By Poonam Sagar: “Curiosity is the very basis of education and if you tell me that curiosity killed the cat, I say only the cat died nobly.” Arnold Edinborough
I am have been caught up in the frenzy of the 150th birth anniversary celebtrations of Indian Nobel Laureate Rabindranath Tagore from Shantiniketan to Shanghai, and it is all due to a meeting with MK Singh, director of the Indian Cultural Center in Jakarta, that whetted my curiosity.
May 9th 2011 marked the 150th birth anniversary of the poet, mystic and musical composer born in Calcutta, India. He received the Nobel Prize in Literature in 1913, for his collection of devotional poems Gitanjali, and was knighted in 1915 but resigned the knighthood to protest Britain’s action as colonial ruler of India. A great friend of Mahatma Gandhi, Tagore died on Aug 7, 1941 in Calcutta. A prolific author, he wrote over 50 volumes of poetry, plays, paintings and a wide variety of other works, and left a rich cultural legacy of thoughts, ideals, teachings and values.
My guide to Rabindranath Tagore is Mr Rajat DasGupta, author of ‘The Eclipsed Sun‘ and his wonderful translations of the Bengali poems into English. One of the poems is ‘Sagarika‘ or originally ‘Bali’ wherein Tagore implores in his travels to Indonesia.
I come as your guest, I said ‘In your woods by the sea where the south wind blows. My veena is all I have with me. Look at me; see if you recognize me’
An excerpt in Bengali below:
Sagar jale sinan kori sajala elo chule
matir pare kutilarekha lutilo charipash.
Nirabaran bakshe taba, nirabharan dehe
chikan sona-likhan usha ankia dilo snehe.
Makarachura mukutkhani pori lalatpare
dhanukbaan dhori dakhin kare
Kahinu “ami eshechhi pardeshi”
To symbolize India’s millennia old tradition to connect to South East Asia with humanistic ideas, religious values, music and culture along with merchandise. The poem explores the necessity to renew this bond within the framework of mutual respect.
To quote from Tagore’s diary:
Tibet, Mongolia, Malayas, wherever India had preached her wisdom, had been through genuine human relations. To-day my pilgrimage is to witness those historical evidences of man’s holy access everywhere. Also to note is, that India of yore did not preach some cut and dried sermons, but inaugurated the inner treasure of man through architecture, sculpture, painting, music and literature, stamps of which remain in the deserts, woods, rocks, isles, rugged terrain and difficult resolve”. [Java diary, July, 1927]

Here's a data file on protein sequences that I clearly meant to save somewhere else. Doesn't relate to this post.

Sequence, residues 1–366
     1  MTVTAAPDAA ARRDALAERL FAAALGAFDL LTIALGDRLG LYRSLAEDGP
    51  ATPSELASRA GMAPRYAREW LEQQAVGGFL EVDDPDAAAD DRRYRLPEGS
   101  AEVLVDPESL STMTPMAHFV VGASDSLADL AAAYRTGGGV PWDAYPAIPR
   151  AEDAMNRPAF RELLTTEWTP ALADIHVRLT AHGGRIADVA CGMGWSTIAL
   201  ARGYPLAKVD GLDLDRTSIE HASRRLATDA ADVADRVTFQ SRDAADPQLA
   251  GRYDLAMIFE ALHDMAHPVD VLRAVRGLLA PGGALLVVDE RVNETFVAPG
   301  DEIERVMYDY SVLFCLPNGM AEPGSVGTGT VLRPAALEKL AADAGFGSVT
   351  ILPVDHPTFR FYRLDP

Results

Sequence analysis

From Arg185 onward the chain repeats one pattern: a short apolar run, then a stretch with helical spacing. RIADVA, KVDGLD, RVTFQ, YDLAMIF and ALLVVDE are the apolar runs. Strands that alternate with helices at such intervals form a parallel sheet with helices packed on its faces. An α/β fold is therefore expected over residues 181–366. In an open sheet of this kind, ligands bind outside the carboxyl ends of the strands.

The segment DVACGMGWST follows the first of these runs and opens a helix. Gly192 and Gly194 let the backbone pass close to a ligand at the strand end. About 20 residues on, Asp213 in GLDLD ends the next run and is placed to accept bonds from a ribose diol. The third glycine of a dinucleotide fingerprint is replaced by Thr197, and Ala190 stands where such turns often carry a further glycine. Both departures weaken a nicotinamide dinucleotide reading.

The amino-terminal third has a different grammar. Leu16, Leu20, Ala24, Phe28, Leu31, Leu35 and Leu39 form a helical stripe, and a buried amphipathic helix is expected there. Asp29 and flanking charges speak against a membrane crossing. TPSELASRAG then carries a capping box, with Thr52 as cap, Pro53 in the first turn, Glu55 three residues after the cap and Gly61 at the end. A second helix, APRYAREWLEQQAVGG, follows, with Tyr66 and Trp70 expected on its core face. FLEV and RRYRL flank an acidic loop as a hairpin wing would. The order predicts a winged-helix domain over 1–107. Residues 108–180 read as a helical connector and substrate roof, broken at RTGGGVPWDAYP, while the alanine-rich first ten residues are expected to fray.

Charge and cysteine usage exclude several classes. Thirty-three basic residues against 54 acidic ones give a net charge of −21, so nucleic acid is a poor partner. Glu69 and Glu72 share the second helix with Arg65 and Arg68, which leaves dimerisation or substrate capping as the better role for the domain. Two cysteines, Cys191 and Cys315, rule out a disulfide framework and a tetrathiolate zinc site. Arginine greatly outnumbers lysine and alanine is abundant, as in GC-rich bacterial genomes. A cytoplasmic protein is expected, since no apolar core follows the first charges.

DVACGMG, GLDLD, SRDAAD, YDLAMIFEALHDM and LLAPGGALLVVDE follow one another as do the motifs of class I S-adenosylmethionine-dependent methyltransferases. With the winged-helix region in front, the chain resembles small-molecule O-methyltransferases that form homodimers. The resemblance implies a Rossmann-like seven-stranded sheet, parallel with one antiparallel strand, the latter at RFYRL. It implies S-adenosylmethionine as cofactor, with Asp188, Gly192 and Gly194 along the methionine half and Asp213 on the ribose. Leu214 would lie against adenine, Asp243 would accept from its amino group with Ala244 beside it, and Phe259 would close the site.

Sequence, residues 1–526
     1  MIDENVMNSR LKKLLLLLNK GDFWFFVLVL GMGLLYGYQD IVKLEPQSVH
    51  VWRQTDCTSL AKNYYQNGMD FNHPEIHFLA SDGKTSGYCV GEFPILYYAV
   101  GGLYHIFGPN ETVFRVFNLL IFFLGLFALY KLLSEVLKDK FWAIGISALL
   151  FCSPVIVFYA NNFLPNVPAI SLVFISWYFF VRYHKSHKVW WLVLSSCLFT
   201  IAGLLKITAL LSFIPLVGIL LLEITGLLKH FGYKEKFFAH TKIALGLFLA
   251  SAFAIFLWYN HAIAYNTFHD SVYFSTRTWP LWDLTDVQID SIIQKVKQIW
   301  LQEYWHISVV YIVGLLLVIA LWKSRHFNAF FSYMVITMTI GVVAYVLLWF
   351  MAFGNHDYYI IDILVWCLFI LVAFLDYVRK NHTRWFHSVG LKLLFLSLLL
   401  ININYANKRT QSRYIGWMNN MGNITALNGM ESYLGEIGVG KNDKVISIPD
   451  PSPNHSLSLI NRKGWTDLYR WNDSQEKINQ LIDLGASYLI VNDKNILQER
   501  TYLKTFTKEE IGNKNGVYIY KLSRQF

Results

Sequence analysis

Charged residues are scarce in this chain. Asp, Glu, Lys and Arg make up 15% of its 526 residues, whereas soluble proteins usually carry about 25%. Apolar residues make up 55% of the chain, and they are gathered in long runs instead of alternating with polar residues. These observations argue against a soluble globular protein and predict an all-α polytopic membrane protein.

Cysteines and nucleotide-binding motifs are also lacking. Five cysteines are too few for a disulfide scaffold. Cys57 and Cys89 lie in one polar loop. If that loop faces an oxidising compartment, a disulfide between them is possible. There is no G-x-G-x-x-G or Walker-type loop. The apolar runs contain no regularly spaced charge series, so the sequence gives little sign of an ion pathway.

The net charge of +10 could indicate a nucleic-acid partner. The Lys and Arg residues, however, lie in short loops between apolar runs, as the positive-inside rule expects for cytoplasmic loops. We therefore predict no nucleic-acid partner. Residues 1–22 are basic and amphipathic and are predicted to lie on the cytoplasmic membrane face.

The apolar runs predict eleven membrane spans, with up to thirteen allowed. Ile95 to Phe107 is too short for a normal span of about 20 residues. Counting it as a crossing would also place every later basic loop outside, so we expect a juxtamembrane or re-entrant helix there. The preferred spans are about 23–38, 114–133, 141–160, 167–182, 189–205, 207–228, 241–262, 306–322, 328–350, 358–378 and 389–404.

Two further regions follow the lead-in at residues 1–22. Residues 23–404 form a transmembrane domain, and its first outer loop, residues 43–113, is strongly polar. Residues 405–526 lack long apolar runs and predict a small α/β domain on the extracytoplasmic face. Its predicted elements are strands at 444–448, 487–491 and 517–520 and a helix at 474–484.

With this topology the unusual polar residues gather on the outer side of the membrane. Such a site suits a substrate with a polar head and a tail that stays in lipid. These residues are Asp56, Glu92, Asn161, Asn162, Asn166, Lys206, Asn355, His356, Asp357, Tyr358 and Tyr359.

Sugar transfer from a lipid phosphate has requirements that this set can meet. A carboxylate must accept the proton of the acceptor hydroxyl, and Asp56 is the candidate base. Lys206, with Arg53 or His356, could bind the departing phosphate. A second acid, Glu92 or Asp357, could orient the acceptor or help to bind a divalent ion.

At a send-off to his journey to Singapore, Malaya, Java, Borneo, Sumatra and Indonesia on a three and a half month Southeast Asian tour in July 1927, Tagore said that he was going on a pilgrimage to India beyond its modern political boundaries. ‘India’s true history reflected in the many stories of the Ramayana and Mahabharata will be seen more clearly’, he wrote, ‘when we are able to compare with the texts that are to found here [in Southeast Asia]’
While he journeyed from Singapore across the straits of Malacca towards Batavia Tagore wrote his poem ‘Srivijayalakshmi‘ celebrating the renewal of a bond after a thousand-year separation, an ode to the ancient Srivijaya empire. A classical response to this poem was composed by a leading Javanese poet Doetadilaga (Timboel):
“Remember how we never could believe in days past that our love would know separation; perfect was our harmony, one our thought, one our soul and one our body, “ the unity of God and creature nigh. Verily I saw in you my elder brother guiding me in the ways of the world, teaching me scripture, tongue and behavior, and all that we need to exist.”
An amazing study by Dr Arun Das Gupta ‘Rabindranath Tagore in Indonesia, An Experiment in Bridge-Building‘ takes you on this journey with Tagore along with extracts from his journals.